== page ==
Arfasa General Trading sources coffee from nine different region from Ethiopia – Kaffa, Sidamo, Guji, Yirgacheffe, Limmu, Bale, Harar, Djimma, Nekemte, Keffa.


Yirgacheffe is a small town of some 20,000 inhabitants which lies within the larger Sidamo coffee producing region of southern Ethiopia. It is famous for its excellent coffees, and the region is considered to be the birthplace of Ethiopian coffee.


Limmu is one of the zones in the Oromiya coffee growing regions of southwest Ethiopia. Limmu coffee grows at an elevation of 1500-1900 MSL producing medium-sized beans with a characteristic round shape and a greenish colour.  Limmu coffee is regarded as premium gourmet coffee with its distinctive terroir and variety.


Bonga is a name rarely encountered when visiting Ethiopia, if at all. But it deserves to be better known: it’s said to be the very birthplace of Arabica coffee.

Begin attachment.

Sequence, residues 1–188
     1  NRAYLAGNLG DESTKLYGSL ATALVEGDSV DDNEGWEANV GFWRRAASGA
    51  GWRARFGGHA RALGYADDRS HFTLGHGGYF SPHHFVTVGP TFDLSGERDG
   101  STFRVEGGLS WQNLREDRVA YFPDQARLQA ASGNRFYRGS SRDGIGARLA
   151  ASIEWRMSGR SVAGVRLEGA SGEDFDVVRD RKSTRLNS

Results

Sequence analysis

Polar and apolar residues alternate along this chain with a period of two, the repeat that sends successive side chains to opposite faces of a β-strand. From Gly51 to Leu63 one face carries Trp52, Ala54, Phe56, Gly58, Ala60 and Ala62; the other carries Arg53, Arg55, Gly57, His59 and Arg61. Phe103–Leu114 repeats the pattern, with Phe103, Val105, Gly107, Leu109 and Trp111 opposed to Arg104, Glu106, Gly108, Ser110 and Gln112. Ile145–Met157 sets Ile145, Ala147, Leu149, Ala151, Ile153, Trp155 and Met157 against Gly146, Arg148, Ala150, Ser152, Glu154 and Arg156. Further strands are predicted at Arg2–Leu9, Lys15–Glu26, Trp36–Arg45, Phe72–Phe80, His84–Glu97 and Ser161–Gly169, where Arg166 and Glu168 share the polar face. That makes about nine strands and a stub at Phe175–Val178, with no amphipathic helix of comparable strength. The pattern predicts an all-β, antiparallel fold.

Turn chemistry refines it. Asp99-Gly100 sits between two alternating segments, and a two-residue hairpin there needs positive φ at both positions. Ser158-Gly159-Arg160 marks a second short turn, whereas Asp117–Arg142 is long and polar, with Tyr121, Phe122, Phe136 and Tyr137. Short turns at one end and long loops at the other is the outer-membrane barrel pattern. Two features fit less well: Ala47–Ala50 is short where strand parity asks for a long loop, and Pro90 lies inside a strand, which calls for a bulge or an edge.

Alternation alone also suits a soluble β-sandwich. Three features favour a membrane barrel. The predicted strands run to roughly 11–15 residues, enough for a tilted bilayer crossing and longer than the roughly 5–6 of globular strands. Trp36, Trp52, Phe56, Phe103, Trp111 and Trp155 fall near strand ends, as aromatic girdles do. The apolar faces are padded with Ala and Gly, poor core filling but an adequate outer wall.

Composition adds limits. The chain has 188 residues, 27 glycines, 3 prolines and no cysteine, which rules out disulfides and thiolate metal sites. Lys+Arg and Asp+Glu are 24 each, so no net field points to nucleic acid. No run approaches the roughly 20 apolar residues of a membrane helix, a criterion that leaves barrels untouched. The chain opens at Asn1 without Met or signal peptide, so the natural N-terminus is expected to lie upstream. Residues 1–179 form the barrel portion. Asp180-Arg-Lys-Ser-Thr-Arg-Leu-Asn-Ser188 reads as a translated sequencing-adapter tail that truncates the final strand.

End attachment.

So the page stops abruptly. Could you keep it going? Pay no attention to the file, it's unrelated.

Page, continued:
Despite its caffeinated claim, the multibillion dollar global industry that has grown up around coffee has passed Bonga by.
The term coffee is said to derive from Kaffa, the ancient name for the part of the present-day Southern Nations, Nationalities and Peoples’ State region in which Bonga lies.


The Sidama people are an ethnic Cushitic peoples traditionally inhabiting the Sidama Zone of the Southern Nations,Nationalities, and Peoples Region (SNNPR) in Ethiopia.

They speak the Sidamo language which is a language of the Cushitic branch of the Afroasiatic language family. Despite their large numbers they currently lack a separate ethnic regional state.


Guji lies in the Oromiya region of southern Ethiopia. Coffees sourced from this region used to be classified together with Sidaamo, but have since been recognised for their distinct taste profile and characteristics.The
Guji people belong to the Oromo ethnic group. They speak Oromo language
and practice the original Oromo culture. They are, even, considered to
be the ones who have sustained the original Oromo traditions. In other
words, the original Oromo traditions are still active in practices of
the Guji society.